Today is Queensland Day, an inoffensive but slightly daft non-holiday that was dreamed up in 1981, during the mad, bad days of the Bjelke-Petersen administration, with its separatist, anti-Canberra agenda. It celebrates the splitting off of the northern part of New South Wales into a separate colony, Queensland in 1859.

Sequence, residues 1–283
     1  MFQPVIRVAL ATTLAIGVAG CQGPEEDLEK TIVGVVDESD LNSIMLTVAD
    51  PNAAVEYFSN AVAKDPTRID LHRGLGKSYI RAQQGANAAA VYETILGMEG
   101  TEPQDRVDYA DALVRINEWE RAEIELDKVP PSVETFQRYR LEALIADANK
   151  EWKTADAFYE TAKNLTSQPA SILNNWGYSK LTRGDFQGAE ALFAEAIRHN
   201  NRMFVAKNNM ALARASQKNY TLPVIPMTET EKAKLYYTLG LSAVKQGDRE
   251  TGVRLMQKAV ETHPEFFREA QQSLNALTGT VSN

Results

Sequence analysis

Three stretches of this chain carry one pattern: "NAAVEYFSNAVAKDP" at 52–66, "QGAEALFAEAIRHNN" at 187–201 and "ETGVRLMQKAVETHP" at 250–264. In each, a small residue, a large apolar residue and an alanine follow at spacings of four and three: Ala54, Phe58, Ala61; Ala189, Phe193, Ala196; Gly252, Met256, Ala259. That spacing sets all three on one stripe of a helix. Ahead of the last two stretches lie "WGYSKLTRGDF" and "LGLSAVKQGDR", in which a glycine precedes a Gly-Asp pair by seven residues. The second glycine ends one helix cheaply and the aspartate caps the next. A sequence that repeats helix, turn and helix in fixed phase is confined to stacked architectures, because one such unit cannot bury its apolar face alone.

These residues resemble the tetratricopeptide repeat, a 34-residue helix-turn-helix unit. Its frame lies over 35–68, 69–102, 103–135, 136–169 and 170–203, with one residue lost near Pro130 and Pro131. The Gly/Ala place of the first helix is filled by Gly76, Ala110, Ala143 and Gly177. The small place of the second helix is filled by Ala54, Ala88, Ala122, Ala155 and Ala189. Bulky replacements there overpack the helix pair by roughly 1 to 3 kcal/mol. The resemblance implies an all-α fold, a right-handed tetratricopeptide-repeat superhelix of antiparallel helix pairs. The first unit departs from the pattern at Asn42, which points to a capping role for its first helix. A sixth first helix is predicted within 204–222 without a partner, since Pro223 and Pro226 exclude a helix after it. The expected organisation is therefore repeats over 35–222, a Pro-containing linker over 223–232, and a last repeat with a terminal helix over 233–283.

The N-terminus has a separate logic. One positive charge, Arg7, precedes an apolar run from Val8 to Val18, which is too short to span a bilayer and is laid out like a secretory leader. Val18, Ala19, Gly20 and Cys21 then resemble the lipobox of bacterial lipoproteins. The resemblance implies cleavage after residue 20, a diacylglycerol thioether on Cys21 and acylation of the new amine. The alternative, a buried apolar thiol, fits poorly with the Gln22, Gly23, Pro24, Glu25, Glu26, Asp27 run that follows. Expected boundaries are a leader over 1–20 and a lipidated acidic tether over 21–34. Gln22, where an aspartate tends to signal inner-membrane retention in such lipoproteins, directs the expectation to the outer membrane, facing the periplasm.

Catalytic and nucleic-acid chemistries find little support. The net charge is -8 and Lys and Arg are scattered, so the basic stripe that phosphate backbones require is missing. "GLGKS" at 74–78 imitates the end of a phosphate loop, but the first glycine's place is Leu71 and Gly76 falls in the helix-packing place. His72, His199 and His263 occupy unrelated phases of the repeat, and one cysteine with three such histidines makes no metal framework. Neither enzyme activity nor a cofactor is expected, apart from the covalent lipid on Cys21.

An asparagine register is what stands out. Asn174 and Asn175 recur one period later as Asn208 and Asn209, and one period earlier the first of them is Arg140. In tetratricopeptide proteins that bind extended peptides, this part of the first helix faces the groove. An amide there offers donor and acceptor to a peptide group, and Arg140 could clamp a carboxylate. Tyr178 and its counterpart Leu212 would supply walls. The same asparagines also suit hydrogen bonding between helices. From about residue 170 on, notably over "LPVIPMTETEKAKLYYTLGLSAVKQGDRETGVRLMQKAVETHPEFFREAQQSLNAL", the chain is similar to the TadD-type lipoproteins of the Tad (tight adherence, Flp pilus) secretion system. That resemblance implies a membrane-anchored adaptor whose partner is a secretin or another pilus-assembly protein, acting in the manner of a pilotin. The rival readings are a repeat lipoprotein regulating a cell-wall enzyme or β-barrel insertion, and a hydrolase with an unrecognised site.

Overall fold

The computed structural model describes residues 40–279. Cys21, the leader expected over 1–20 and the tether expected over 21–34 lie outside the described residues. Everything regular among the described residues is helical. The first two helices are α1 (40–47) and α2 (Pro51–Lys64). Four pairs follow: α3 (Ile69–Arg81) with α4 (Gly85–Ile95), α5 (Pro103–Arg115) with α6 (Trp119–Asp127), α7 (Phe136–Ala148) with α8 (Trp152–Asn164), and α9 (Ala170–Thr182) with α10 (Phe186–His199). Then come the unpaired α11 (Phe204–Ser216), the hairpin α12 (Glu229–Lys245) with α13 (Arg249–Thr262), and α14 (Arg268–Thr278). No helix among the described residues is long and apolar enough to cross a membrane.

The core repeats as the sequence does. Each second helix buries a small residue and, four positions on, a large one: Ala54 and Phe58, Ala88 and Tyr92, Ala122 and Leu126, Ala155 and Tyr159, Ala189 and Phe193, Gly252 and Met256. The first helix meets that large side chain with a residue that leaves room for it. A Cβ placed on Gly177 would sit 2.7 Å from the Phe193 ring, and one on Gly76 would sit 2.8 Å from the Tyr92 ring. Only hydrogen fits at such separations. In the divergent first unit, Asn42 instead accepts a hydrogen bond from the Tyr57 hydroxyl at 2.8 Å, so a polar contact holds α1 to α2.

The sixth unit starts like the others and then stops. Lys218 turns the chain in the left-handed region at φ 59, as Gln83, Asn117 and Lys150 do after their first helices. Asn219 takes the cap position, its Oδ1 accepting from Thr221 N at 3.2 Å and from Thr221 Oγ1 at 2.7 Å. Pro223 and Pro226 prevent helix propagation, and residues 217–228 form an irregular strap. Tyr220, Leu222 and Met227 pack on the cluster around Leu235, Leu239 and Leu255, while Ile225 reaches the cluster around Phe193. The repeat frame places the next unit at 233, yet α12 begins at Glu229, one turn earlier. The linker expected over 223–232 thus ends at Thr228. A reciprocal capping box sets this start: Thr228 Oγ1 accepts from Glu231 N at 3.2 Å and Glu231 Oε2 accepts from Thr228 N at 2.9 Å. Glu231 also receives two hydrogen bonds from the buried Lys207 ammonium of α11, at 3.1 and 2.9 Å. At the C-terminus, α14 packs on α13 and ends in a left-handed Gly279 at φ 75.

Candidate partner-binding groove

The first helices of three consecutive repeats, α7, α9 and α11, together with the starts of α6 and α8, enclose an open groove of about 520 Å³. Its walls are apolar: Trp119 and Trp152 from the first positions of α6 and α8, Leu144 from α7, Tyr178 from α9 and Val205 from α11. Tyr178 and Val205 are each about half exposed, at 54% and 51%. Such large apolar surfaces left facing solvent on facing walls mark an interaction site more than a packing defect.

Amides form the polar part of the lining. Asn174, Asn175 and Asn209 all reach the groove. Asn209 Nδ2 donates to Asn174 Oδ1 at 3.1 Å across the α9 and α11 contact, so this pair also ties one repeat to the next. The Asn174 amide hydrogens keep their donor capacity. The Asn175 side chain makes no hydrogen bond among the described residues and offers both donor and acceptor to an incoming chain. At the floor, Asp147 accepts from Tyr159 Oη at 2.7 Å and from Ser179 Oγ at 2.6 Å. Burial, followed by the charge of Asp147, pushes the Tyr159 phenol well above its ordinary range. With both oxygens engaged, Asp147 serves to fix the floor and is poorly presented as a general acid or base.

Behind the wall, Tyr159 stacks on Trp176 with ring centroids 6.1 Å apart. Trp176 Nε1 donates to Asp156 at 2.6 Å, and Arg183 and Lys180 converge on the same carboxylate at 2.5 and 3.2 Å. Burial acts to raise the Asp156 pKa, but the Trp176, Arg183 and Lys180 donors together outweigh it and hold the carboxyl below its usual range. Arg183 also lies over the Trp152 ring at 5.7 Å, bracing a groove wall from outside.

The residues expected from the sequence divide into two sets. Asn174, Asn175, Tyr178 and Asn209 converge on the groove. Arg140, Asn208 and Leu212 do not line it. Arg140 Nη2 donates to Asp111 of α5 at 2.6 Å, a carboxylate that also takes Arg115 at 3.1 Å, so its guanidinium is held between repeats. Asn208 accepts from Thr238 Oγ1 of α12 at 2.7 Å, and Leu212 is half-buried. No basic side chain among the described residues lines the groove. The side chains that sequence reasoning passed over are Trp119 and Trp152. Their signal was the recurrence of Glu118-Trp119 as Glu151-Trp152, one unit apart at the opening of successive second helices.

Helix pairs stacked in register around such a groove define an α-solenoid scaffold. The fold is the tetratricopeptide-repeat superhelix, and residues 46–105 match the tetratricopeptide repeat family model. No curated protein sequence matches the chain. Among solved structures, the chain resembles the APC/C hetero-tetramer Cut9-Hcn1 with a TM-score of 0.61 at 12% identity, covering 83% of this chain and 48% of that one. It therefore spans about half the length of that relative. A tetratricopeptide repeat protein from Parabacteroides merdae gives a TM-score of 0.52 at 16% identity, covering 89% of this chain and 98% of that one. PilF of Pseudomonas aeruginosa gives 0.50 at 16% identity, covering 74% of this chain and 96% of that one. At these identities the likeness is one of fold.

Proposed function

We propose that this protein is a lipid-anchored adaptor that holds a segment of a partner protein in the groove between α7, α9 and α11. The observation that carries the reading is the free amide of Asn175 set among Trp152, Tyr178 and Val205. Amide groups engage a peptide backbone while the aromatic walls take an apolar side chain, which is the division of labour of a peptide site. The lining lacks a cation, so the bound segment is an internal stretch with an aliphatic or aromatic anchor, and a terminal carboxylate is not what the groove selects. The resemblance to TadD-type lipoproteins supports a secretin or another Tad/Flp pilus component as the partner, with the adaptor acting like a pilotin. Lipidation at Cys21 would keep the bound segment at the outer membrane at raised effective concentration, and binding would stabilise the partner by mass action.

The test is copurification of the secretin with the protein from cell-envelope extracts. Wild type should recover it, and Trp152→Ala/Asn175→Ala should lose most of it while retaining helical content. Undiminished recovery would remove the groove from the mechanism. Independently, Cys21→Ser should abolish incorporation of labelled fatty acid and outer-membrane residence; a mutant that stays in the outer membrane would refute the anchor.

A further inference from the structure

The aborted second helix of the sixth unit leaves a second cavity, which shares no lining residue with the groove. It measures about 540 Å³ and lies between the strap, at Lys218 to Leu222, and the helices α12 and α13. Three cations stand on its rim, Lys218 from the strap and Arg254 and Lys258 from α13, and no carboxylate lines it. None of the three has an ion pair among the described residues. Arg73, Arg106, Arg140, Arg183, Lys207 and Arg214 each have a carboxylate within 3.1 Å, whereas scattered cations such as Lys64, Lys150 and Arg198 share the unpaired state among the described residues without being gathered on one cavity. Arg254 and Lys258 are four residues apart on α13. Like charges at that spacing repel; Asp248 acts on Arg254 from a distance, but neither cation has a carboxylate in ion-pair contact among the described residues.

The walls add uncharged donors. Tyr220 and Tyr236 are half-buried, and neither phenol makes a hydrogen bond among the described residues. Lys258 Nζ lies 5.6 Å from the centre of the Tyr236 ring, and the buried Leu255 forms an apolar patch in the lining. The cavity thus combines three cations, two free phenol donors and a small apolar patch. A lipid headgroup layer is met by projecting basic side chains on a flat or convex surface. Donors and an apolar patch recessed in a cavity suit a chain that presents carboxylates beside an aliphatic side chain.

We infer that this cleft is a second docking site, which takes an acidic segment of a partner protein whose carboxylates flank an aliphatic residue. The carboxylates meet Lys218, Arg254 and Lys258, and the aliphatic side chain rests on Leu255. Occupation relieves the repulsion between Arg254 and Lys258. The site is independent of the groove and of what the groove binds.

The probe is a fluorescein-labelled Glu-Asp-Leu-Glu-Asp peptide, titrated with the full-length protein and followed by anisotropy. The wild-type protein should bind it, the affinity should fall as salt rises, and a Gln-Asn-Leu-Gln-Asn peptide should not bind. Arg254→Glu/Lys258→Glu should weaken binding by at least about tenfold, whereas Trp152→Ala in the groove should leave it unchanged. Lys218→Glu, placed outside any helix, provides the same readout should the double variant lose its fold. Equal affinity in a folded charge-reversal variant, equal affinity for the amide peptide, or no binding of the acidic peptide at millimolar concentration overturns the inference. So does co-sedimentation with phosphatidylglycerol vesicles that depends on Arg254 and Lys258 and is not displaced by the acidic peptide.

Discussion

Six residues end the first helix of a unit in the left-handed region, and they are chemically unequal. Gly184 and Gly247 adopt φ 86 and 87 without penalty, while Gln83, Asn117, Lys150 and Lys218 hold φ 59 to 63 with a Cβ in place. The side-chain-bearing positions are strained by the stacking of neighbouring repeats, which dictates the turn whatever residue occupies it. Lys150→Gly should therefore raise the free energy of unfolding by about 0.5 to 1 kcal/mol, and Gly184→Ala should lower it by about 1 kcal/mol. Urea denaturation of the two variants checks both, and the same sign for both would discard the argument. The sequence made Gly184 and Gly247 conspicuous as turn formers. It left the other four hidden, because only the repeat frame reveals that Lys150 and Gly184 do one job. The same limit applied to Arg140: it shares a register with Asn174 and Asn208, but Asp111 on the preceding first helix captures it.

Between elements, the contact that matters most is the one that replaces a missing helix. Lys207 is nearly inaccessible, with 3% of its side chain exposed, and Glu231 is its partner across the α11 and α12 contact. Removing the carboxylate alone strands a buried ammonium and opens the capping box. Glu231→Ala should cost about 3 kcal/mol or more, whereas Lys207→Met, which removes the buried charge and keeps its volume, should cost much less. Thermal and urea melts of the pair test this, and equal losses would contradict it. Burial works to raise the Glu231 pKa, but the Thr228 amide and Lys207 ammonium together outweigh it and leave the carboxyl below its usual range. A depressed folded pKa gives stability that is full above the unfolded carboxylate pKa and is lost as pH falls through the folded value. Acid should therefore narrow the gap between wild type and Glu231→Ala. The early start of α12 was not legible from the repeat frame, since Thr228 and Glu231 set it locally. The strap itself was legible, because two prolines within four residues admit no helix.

It’s an odd date. 6 June was the day on which Queen Victoria signed the Letters Patent, which are still held in Britain at the National Archives, but given communications at the time, nobody in the Australian colonies knew what Victoria was doing that day. If we must celebrate the birth of Queensland – and do we really need to? – then surely 10 December makes more sense. This was the day that Governor Bowen arrived in Brisbane, and the new colony was proclaimed. We usually celebrate birthdays, not the date of conception, after all.